DIY: How To Make A Seesaw Out Of Wood (Family Fun Outdoors)

  • Here’s a great idea for a DIY project - A wooden seesaw 
  • We start with a complete list of materials and equipment needed 
  • Our step by step instructions are super easy to follow 
  • Plus, safety tips to remember when making a wooden seesaw

Do you have toddlers or younger kids who love playing on the seesaw when they go to the park?

Are you looking for a great way to bring the fun of playing on a seesaw to your own backyard?

Do you enjoy DIY projects and hands-on experiences that can help you bond with your kids and feel like you get to be creative in the process?

If any of this sounds like your situation, you’re in luck! In this article, we’ll teach you everything you need to know about how to make a seesaw out of wood. This is a fun project that will keep you occupied for a little while and help you feel like you’re really contributing to your kids’ outdoor play, too.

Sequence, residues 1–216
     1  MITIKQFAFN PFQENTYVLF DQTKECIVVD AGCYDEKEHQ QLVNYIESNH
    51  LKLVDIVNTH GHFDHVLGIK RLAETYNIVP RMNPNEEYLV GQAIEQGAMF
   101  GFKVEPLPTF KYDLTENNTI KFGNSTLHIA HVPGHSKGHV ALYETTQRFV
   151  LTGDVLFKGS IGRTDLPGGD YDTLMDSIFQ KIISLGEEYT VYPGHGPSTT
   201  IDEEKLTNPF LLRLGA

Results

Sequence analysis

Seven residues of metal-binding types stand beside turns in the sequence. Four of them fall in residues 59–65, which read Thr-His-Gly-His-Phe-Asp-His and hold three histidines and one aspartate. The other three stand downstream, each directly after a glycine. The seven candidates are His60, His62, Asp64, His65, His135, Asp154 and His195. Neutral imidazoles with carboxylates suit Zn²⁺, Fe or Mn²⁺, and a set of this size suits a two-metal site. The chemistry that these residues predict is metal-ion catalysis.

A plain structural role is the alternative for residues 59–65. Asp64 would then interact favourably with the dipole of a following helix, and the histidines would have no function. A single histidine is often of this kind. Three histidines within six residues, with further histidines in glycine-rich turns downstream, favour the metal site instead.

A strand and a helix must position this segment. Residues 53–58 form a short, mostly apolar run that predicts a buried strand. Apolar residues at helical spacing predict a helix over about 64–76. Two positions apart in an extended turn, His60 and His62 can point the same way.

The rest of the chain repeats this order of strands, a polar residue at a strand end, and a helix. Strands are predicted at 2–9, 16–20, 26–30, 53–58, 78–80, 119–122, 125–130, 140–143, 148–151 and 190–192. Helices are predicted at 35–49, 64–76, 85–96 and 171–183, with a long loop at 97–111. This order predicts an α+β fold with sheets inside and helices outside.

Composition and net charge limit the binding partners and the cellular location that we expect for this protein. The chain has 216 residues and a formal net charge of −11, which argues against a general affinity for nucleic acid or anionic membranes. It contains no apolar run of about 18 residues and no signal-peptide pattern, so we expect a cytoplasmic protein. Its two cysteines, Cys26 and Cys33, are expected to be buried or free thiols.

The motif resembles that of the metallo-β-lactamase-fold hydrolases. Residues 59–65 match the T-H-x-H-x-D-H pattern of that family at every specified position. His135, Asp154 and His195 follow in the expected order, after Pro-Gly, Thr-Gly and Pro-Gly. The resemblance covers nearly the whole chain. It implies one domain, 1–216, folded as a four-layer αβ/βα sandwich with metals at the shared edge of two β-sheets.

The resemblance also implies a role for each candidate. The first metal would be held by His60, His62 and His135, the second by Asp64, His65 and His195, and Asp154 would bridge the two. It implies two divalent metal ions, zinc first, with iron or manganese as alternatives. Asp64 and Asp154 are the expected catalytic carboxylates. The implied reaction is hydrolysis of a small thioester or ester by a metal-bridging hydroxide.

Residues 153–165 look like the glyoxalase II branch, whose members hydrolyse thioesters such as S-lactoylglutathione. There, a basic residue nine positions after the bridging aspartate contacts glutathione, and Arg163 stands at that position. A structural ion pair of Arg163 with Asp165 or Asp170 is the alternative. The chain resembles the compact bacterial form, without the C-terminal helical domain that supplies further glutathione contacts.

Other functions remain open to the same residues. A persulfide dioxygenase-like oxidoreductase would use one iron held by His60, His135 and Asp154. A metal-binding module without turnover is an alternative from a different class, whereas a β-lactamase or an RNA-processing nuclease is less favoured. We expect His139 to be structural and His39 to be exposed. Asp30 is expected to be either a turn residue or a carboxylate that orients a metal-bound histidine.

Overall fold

Building your own seesaw may be a little bit of a challenge, and you’re going to need to know how to use some power tools to get the job done. However, it’s not an expert-level job either, so you’ll probably only need to have intermediate woodworking skills to complete this task.

Check out the information below to help you get started. We’ve divided all the information into easy-to-follow sections, including a list of equipment you’ll need, materials you’ll want to have on hand before you start building, and of course the steps themselves.

By the time you finish reading, you’ll be ready to get out there and start working right away!

Materials Needed

  • 90mm x 45mm x 2.4m hardwood
  • (2) 390mm x 45mm x 2.4m treated pine
  • 190mm x 45mm x 3m hardwood
  • 400mm x 20mm x .5” galvanized gas pipe
  • 25mm x 1.2m oak dowel
  • 2 brass cap ends for the pipe
  • 5” flanges for the pipe
  • 65mm batten screws
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    100mm batten screws
  • (4) 15mm coach bolts with washers and nuts
  • Sandpaper in 240, 120, 80, and 40 grit
  • Rubber mat
  • Wood filler